I have been obsessed with the early days of Hollywood almost as long as I can remember.
I think it might have started sometime in my early teens when I saw the film Chaplin. I was already film-daft and knew it was what I wanted to do with my life. I can remember distinctly, even now, watching scenes of people making a new art form up as they went along – literally writing the language of cinema that almost every person in the world now subconsciously speaks. It blew my starstruck wee mind!
I started reading every book, every biography, every memoir I could get my hands on. I’m pretty sure I squealed out loud the day Taylorology launched – an absolutely priceless collection of first hand sources. Any time I’ve managed to visit LA, you’d find me in the basement of the public library (like the hard core party animal I am 😂) poring over microfilm of newspapers and fan magazines and letters.
One of the things that fascinates me is that the old Hollywood I’ve got to know over the years — the *old* Old Hollywood of the naughties, teens and early twenties, isn’t the old Hollywood most people think of. Over the years I’ve had dozens of conversations in which I’ve mentioned my interest to someone and they’ve said ‘oh yes, like Marilyn Monroe and James Dean?’ and I’m like ‘WHAT NO THEY ARE BABIES!’
And it’s true – neither of them (nor Audrey Hepburn, Cary Grant or Marlon Brando) were even born when the first filmmakers showed up in a dusty one horse town in California. Hitchcock was a wee boy at school when the first definitive suspense thriller (Suspense, 1913) was made. And over a decade before Sunset Boulevard writer/director Billy Wilder got his first screenwriting gig, Cecil B DeMille was directing Gloria Swanson for real, in a series of sex comedies that shocked the world in 1917/1918.
Crucially, the people who held the true power in Hollywood in those days — put it this way, they weren’t exactly welcome at Los Angeles Country Clubs.
When the first #metoo scandals broke in the film industry a few years ago, I couldn’t help but notice that much of the comment surrounding the issue (not least the dearth of powerful female filmmakers) was based on the assumption that Hollywood is and always has been a boys’ club. I realised that when most people think of the the birth of movies, they’re picturing the glossy, all singing, all dancing, all American world of the studio system – which yes, was very much controlled by wealthy white men.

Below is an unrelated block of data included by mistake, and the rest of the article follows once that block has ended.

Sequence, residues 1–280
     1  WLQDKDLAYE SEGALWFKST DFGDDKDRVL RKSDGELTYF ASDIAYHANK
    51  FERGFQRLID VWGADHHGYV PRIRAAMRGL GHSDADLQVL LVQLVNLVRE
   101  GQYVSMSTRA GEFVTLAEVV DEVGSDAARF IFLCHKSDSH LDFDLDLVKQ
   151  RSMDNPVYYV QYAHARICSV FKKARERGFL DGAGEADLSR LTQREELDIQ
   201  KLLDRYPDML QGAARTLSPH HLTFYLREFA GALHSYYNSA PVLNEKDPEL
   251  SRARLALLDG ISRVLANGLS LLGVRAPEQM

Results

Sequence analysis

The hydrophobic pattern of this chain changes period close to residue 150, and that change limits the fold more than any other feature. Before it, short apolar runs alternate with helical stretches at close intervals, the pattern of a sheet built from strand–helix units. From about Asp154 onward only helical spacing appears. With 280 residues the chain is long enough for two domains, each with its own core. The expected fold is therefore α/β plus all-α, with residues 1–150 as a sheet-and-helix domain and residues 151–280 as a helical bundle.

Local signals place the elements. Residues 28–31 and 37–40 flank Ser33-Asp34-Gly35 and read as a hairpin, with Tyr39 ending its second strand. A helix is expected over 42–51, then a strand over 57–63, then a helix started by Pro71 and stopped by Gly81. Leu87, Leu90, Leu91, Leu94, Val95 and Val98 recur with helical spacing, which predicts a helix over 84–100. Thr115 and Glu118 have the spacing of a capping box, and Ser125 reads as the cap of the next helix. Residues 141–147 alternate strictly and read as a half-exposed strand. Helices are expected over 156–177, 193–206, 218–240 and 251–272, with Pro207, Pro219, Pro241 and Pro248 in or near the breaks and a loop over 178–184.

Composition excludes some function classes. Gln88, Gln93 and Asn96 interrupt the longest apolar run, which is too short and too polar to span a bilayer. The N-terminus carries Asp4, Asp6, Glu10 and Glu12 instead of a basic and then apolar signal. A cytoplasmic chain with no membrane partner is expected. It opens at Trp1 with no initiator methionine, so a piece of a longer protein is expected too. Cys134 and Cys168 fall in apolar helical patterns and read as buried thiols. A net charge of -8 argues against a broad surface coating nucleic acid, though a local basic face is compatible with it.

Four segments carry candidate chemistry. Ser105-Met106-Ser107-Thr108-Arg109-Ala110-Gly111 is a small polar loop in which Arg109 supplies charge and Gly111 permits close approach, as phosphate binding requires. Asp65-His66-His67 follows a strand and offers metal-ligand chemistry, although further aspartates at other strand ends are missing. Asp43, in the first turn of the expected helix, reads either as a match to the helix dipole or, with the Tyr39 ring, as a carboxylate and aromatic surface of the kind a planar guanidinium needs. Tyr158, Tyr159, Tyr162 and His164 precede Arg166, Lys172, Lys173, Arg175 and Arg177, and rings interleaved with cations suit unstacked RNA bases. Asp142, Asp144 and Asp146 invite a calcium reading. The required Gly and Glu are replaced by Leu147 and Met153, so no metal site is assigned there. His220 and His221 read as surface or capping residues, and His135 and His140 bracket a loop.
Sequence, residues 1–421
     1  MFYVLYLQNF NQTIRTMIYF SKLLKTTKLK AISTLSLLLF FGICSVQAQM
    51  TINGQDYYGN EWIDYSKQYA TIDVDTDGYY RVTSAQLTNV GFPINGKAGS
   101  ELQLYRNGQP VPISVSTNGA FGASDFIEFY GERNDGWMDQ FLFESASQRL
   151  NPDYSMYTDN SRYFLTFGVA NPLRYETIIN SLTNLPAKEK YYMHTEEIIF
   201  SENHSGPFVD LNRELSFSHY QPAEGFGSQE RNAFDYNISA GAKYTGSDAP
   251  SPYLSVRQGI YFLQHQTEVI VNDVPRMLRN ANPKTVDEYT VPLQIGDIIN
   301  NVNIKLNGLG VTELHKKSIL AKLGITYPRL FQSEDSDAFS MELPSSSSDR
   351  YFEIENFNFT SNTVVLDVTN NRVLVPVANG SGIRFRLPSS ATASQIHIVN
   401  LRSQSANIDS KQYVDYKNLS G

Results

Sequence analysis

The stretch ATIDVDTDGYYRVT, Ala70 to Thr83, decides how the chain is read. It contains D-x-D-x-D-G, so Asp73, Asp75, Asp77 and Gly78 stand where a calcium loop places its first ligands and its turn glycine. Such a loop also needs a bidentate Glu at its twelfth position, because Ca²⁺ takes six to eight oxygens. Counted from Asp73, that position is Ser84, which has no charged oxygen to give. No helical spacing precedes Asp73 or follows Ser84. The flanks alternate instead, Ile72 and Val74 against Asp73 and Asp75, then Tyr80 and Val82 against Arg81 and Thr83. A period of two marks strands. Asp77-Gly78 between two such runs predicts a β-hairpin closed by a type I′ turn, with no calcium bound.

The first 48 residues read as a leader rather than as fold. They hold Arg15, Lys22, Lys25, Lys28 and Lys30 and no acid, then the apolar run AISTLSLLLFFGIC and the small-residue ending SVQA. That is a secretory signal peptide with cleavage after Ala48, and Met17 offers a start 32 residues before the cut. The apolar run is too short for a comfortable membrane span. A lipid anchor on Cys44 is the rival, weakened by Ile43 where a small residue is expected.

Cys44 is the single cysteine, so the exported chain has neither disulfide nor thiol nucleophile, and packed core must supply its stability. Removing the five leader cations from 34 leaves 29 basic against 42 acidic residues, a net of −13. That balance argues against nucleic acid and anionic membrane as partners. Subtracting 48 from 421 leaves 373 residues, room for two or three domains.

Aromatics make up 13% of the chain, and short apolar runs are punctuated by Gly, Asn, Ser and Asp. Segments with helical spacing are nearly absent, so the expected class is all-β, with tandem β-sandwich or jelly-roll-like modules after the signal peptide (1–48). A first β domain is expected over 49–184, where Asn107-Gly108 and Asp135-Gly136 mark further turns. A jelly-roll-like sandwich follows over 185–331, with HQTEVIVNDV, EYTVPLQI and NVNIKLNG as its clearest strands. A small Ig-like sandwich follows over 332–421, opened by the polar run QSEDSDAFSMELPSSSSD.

But the film industry was at least a quarter of a century old by the time the Motion Production Code that laid down rules so that No picture shall be produced that will lower the (deeply Catholic, as it happens) moral standards of those who see it and the studio system took hold. The most culturally powerful art form the world has ever known was built by women and immigrants (many of whom had literally been through Ellis Island). It was formed by people who had grown up in almost unimaginable depravation — the first generation of stars had often gone out to work at twelve or thirteen to help feed their (more often than not fatherless) families.
And the stories they told stories that reflected their lives. They explored the dark, messy real, moral complexities of life that don’t always fall into a narrow, Puritan, definition of ‘happy ever after.’ Chaplin could write The Kid because he lived it. Lois Weber explored women’s issues that kept her awake at night. Mary Pickford developed a lethal business acumen because she knew that money meant food.
I think it’s high time we get to know them!
Hollywoodland launches soon!
Episode One: Lights, Camera, Action
When did we start to make pictures move? And why did they move all the way to California? A chat about the very earliest days of the film industry and how Hollywood came to be synonymous with movies.
Episode Two: Not of this World
Where would movies be without their stars? This episode, we chat about how actors went from anonymous to holding the world in thrall with their general fabulousness – and how gossip has always been part of the fabric of Hollywood.
Episode Three: The All Time Best Scriptwriter
Frances Marion was the highest paid screenwriter in Hollywood throughout the twenties, and she was the first writer to win two Oscars. Long before female screenwriters were struggling to be taken seriously, Frances Marion was dominating Hollywood with her stories.
Episode Four: Kiss Me My Fool
The Vamp: your great-grandma’s “strong female character”. When faced with the Vamp’s independence and ability to decide for herself that she quite enjoyed sex, male characters had a habit of expiring on the spot. But was she really feminist or foe?
Episode Five: the Original Thriller
When Alfred Hitchcock was still a boy at school, Lois Weber wrote and directed the film that would become the blueprint of every thriller every since: 1913’s Suspense. Join us to break this seminal short down frame by frame to establish just who was the true Master of Suspense.
Episode Six: He Did and He Didn’t
A couple of days after Labour day in 1921, Virgina Rappé died in a San Francisco hospital room, and set the wheels in motion for #metoo almost one hundred years later. Was Fatty Arbuckle innocent fall guy or the first powerful man in Hollywood to get away with it?